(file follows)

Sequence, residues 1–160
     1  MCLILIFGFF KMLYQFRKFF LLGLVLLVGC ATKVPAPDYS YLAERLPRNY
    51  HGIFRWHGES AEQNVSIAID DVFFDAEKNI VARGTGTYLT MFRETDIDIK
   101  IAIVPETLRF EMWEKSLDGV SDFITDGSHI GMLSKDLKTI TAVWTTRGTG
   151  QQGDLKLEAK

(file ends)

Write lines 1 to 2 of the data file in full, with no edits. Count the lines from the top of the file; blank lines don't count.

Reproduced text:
Sequence, residues 1–160
     1  MCLILIFGFF KMLYQFRKFF LLGLVLLVGC ATKVPAPDYS YLAERLPRNY